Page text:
Monday, 21 January 2013
Maps on the brain...
I was interested and not surprised to find that psychologists and cartographers have recently discovered that using small digital maps (of the type found on smartphones, tablets, navigation avionics devices, etc) actually impairs our spatial awareness. This ties-in with my own experience of navigating by "following the pink line" (on my Garmin, or iPad GPS etc), happily and accurately reaching my destination airport, "...good, airfield in sight (tell the tower, etc)", but then suddenly faced with the mental gymnastics of "****, how do I line-up in the right direction for my overhead join".
Of course, being prepared in advance for the correct arrival is the appropriate response (I hear you shout), but on occasion I admit I've been caught-out in the slightly bizarre situation of having 100% location-awareness (from the GPS), and almost zero spatial awareness. Yes, the "OBS" functionality (if your device has it) helps a *great* deal in this scenario...but only if you remember how to activate it in the heat of the moment... ("what switch or knob on the Garmin 430 does that again?") etc.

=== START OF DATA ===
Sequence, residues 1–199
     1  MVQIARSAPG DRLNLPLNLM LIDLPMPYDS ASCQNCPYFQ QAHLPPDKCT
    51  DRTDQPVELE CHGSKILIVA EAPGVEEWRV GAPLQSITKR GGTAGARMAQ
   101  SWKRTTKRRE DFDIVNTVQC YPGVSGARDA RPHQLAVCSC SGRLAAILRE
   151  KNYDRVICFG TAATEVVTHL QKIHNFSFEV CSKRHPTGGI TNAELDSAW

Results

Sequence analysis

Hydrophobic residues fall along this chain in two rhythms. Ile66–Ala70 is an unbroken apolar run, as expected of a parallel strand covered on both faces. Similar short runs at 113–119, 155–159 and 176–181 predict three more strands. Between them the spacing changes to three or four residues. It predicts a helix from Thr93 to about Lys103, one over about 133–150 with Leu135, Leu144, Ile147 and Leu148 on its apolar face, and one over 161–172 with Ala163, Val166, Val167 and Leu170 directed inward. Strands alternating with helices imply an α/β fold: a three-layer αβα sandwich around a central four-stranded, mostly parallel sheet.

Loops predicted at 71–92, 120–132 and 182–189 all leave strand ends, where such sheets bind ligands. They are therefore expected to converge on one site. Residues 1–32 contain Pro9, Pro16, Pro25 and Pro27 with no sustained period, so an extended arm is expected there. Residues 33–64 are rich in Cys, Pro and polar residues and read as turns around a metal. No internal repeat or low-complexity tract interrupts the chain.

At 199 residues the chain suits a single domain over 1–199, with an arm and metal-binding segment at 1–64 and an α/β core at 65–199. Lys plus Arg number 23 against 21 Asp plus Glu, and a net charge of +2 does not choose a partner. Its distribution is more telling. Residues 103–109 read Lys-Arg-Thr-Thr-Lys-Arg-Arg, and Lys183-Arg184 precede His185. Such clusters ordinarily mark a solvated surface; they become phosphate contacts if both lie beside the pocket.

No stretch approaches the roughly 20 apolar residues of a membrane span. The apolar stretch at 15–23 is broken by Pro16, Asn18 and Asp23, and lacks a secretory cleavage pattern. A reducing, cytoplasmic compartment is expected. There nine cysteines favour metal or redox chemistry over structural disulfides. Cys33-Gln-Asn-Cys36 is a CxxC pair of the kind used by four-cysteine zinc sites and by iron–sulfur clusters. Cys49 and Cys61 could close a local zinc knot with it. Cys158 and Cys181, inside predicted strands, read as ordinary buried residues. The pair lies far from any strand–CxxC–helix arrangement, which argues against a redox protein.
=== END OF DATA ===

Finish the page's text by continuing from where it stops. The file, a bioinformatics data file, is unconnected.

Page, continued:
I'm relieved to hear the experts telling me its not entirely my fault. Their findings are summarised in last week's (19 January 2013, p45) New Scientist article "Where in the World...?" . Well worth a read.
Here are some highlights:
Toru Ishikawa from the University of Tokyo, Japan, found that:
"...those referring to their phones traveled more slowly, walked longer distances and were worse at working out their orientation than those using a paper map ".
The full paper can be found at Wayfinding with a GPS-based mobile navigation system: A comparison with maps and direct experience, in Journal of Environmental Psychology, vol 28, p. 74.
...and Georg Gartner, a cartographer at the Vienna University of Technology in Austria argues from similar experimental evidence that reading maps on cellphones can affect our spatial cognition. Specifically:
"A map on a mobile device or in a navigation system leads to less accurate mental maps and a lower ability to act in the real world".
...Yikes, just as I was contemplating adding GoogleMaps to my new iNavCalc mobile app...which, on balance, I will probably do for the convenience of finding waypoints in pre-flight planning, but not for navigation.
[Anyway, just like everyone else, I always fly with complete, up-to-date, paper charts folded in the correct manner for my given route, and easliy accessible in the cockpit. Right ?]